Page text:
The Quirke family home is situated beside the old railway line. At one time Patrick Quirke’s maternal Greaney family were in residence, and the old building was originally thatched. Patrick begins by telling a story about an occasion when a spark from the train set the thatch ablaze in the 1920s. The house dates back to the early 1800s and was once known as a Drinking House. A mug always hung beside the door. Patrick recalls churning the butter which would go to Tralee for sale, and carting pigs and sheep to Tralee Fair in the 1950s and early 1960s. When rural electrification was introduced to the peninsula, Patrick was offered a job as a pole climber, bringing the current to Castlegregory. He recalls these days in some detail.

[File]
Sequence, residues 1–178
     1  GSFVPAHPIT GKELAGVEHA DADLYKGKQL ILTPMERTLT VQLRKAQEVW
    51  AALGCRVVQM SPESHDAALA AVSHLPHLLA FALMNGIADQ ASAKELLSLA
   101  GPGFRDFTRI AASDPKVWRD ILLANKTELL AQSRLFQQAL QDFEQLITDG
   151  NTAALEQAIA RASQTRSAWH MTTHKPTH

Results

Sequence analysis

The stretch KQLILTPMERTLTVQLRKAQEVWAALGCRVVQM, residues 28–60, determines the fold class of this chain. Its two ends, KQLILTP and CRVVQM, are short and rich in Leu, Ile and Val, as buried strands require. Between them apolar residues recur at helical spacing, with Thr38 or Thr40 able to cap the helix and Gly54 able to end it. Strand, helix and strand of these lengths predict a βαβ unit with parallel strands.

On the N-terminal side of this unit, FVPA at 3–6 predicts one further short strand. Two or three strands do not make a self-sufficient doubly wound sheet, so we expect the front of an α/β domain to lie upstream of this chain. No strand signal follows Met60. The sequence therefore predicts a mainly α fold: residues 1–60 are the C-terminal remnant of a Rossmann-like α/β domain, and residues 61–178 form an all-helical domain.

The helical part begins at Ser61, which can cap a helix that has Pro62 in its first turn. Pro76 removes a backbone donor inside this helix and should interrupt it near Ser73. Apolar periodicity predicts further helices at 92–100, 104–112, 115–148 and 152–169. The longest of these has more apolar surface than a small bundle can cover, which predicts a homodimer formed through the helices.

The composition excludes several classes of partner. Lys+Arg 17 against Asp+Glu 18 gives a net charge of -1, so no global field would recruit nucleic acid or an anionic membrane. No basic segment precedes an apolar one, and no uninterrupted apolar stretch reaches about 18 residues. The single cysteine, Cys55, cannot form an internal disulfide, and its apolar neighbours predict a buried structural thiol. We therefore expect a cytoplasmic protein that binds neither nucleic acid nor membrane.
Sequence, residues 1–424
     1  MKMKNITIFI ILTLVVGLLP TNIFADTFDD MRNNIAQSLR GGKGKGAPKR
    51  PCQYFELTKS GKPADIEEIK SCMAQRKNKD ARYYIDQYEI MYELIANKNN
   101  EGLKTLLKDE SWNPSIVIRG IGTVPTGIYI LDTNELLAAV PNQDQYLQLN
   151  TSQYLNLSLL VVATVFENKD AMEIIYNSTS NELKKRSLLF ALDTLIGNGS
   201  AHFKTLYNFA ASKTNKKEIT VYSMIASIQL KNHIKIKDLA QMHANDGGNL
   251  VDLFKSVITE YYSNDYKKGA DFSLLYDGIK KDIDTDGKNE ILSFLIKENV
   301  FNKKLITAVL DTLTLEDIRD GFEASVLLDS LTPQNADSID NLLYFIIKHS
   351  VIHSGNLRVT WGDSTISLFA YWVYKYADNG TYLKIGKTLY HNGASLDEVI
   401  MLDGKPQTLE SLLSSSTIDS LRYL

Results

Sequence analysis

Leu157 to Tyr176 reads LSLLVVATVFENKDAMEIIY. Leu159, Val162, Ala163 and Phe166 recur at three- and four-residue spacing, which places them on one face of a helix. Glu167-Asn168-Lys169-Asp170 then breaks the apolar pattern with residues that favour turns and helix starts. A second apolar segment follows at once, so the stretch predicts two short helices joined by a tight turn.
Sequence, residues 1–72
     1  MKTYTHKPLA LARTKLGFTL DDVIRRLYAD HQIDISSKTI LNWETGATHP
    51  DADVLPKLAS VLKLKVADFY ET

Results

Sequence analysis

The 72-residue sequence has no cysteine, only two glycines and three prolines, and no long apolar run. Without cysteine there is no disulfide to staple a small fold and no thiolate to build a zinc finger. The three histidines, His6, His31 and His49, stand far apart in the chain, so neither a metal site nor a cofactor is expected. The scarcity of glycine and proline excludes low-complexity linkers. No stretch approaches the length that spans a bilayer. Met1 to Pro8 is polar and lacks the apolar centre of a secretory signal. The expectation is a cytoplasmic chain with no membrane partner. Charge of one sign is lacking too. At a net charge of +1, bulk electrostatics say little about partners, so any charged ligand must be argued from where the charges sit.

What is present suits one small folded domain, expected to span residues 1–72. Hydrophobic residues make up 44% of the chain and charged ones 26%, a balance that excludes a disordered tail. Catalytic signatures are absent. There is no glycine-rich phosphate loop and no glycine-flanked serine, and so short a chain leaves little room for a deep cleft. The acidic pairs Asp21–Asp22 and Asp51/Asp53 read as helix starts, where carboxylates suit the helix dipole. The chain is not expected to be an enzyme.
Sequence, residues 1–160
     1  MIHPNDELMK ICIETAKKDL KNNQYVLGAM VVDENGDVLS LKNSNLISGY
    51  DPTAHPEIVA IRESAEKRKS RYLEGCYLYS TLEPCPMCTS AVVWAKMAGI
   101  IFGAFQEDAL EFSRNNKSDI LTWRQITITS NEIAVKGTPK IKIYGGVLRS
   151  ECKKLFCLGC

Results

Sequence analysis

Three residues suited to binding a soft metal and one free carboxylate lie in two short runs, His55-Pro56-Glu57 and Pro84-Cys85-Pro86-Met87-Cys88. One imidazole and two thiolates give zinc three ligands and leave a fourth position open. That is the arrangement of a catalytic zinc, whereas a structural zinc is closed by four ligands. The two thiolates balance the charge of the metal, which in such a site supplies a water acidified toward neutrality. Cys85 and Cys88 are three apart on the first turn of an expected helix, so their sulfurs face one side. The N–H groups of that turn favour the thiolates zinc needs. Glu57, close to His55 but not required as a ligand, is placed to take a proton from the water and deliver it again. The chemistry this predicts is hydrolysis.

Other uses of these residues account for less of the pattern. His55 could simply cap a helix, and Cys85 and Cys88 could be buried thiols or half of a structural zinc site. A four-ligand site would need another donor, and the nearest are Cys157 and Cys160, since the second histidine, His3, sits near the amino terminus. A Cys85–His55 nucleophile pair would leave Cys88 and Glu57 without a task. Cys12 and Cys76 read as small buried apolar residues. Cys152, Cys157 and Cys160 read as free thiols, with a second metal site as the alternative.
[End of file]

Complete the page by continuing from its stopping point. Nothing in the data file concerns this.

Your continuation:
Sheep farming on the mountain is another topic explored. The rearing, the shearing, the selling of the wool and the sheep fairs are described, and the commonage, the agreement between neighbouring sheep farmers, is mentioned. The local field names were recalled, as are the families who moved from the mountainside to superior and flatter land by the sea shore where seaweed was used for fertilizer. The local old mill used for spinning wool in bygone day is remembered. This structure was later used as a ball alley where Patrick and his friends would play until it was knocked by the Co. Council for use as trunking for roads.